- Fermented veggies are great. Try a couple of tablespoons of kimchi (Korean fermented-vegetables), cultured cabbage (sauerkraut) and cultured salsa with meals. I love my Fermented Salsa as a topping for veggies or just to have on it’s own as a snack.
- Coconut kefir is another source of probiotics. Try a couple of tablespoons or more per day.
- Aim to consume about a cup of probiotic foods each day.
What are prebiotics?
Probiotics, those good gut bacteria, are living things, and like all living things, they need food to thrive. That’s where prebiotics come in.
Prebiotics are non-digestible dietary fibers that we get from food. Prebiotics are the food for our “good bacteria.” In scientific terms, prebiotics are inulins, fructo-oligosaccharides (FOS), and galacto-oligosaccharides (GOS), that are in certain foods that go undigested as they pass through the digestive tract. Inulin, for example, is a key ingredient in my Fast Metabolism Baking Mix.
Foods rich in prebiotics include asparagus, artichokes, leeks, onions, garlic, whole grains, legumes, cruciferous vegetables, and leafy greens. Aim to consume at least four cups of high-fiber vegetables like these every day.
5 Ways prebiotics and probiotics positively impact your metabolism
- Improves thyroid conversion rate. The microflora (gut bacteria) helps convert inactive thyroid hormone into its active form (T3) which helps to boost metabolism. Especially for those with signs of autoimmune and thyroid conditions, adding my Metabolism Pro-Biotic can be helpful for improving metabolism.
- Reduces body fat. A recent study found that treatment with probiotics helped to further metabolize bile acids, whose purpose is to breakdown fats. This means that probiotics could change how much fat the body absorbs and stores.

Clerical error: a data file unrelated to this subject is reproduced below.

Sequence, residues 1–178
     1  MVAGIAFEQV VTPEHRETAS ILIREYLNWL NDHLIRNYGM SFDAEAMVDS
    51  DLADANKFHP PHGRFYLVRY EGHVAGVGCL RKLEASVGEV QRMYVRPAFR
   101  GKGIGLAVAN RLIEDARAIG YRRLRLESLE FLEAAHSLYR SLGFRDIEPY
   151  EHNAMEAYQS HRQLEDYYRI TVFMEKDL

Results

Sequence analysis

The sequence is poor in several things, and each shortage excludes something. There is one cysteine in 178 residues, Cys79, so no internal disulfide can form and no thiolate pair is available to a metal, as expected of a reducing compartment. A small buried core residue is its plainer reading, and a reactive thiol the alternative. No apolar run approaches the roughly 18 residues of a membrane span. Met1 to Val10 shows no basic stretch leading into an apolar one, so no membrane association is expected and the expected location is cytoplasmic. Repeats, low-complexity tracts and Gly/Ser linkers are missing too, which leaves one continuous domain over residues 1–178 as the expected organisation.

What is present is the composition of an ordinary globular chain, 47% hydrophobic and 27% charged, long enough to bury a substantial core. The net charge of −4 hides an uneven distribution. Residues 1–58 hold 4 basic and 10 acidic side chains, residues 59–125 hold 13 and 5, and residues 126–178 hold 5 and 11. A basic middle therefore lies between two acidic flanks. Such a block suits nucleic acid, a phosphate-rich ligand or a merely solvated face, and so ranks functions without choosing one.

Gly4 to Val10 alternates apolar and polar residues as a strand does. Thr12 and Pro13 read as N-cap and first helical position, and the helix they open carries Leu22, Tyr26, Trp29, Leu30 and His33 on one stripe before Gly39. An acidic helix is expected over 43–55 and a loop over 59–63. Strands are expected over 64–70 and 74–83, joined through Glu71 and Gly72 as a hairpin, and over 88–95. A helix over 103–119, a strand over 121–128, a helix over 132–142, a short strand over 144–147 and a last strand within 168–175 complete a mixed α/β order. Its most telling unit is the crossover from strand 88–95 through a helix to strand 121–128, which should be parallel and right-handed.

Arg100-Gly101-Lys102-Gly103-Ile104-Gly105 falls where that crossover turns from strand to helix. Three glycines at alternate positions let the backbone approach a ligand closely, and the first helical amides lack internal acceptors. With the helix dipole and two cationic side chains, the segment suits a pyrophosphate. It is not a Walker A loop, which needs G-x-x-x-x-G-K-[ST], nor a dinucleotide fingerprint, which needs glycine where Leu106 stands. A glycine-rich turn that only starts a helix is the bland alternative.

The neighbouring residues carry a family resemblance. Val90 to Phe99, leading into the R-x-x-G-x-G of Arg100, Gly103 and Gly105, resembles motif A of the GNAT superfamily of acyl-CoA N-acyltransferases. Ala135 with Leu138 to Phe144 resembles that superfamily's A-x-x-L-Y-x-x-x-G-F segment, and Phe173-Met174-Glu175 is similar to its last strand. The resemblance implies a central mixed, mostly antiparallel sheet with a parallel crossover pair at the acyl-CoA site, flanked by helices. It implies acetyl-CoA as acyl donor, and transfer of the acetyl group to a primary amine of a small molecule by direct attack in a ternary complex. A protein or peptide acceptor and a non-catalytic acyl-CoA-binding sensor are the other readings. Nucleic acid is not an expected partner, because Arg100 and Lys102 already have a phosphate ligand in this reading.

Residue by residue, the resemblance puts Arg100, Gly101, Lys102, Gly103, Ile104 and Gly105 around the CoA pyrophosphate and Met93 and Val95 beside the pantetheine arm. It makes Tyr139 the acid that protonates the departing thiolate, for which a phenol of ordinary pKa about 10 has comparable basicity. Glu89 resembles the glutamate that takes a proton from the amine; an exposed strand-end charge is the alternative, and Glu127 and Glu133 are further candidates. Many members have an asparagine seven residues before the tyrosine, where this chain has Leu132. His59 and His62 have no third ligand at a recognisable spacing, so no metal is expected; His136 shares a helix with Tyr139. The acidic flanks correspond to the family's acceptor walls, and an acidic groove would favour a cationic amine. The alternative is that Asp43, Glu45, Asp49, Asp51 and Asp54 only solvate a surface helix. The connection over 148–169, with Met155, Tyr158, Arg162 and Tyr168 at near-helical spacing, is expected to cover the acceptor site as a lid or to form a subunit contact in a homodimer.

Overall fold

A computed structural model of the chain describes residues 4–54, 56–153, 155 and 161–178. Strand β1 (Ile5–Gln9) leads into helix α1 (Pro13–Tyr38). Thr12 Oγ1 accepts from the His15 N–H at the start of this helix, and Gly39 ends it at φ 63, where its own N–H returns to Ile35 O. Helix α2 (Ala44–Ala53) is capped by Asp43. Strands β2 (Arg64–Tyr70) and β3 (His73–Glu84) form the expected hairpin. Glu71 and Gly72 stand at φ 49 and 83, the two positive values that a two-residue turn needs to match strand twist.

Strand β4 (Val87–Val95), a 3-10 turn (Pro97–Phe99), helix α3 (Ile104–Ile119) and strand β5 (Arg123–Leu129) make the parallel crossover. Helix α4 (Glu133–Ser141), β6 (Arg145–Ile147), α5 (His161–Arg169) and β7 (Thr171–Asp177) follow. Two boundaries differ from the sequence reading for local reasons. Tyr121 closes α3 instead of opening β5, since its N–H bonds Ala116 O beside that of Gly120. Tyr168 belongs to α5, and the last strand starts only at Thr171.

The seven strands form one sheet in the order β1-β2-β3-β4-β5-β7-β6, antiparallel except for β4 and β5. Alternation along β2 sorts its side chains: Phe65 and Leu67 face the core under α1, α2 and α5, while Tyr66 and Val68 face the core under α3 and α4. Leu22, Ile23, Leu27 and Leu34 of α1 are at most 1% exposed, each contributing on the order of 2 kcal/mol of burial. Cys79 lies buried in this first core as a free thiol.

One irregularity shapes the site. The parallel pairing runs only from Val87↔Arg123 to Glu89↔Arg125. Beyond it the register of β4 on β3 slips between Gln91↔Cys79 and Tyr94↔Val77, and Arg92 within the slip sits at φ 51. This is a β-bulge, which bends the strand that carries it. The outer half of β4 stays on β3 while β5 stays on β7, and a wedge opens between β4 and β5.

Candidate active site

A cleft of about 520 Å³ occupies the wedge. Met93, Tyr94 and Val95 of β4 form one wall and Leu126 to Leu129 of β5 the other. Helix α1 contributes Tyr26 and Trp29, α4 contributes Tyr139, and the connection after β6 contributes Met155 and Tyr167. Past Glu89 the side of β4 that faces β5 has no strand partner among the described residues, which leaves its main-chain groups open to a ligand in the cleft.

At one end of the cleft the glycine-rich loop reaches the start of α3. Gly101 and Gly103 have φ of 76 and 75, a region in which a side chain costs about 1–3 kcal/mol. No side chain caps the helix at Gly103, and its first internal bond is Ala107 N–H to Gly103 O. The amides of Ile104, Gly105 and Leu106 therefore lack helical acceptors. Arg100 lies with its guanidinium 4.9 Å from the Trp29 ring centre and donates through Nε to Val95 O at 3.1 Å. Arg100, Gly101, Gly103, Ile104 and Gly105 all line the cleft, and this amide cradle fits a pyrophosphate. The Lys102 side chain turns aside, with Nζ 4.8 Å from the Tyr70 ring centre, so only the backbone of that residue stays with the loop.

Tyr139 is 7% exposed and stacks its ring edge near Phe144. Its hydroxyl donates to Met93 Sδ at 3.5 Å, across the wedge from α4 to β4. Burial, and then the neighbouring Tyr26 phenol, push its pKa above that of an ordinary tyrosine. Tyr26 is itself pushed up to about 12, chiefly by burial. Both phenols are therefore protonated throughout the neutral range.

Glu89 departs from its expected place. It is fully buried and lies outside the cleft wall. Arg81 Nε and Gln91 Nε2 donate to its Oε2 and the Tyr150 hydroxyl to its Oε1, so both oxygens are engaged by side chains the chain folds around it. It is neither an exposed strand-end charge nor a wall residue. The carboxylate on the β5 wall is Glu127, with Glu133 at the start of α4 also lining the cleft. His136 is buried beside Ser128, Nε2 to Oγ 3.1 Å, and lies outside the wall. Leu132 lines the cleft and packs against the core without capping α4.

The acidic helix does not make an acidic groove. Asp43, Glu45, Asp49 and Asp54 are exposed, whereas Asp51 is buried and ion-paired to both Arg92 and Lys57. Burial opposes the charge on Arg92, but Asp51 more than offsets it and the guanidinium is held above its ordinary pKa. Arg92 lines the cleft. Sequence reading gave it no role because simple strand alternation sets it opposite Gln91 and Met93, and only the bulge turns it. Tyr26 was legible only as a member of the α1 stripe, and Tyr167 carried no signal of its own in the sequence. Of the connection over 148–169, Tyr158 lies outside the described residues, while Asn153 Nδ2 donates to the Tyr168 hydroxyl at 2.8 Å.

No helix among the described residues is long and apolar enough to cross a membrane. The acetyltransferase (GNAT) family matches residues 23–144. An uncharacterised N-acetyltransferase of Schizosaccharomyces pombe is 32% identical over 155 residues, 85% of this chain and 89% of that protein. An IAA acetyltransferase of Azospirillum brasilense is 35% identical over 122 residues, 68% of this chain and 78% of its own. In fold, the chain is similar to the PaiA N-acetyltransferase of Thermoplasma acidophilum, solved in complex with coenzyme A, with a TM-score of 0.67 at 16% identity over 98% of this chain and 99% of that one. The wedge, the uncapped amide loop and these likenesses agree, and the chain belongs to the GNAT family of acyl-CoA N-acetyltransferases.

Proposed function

- Balances hormones. Gut bacteria regulate the secretion of hormones that control blood sugar, and hormones that control satiety (when we feel full). With an unbalanced microbiome, we might find we’re hungry all of the time, craving carbs and sugar, and unable to lose weight.
- Enhances detoxification. When toxins build up in our system, we can start to experience difficulty losing weight, experience joint pain, and possibly a drop in our immunity. Promoting a healthy balance within the microbiome (using pro and prebiotics) helps clear the toxic overload and rev up our metabolism.
- Improves mood. Your brain and gut are directly related! An imbalance within the G.I. tract can have a major impact on our mood. Certain gut bacteria have been studied in their effects on mood disorders, sadness and depression. By promoting balance within our gut using probiotics and prebiotics, we can help regulate this connection between gut and brain and improve our mood.
OK so let’s recap: Probiotics = the living “good” bacteria in our gut. Prebiotics = the food for our good bacteria. Consuming pre and probiotic rich foods allows you to create a beautifully balanced ecosystem within your gut. The G.I. tract is the mode of delivery for the most powerful medicine (your food), so let’s make sure we feed it what it needs to keep our metabolism fired up!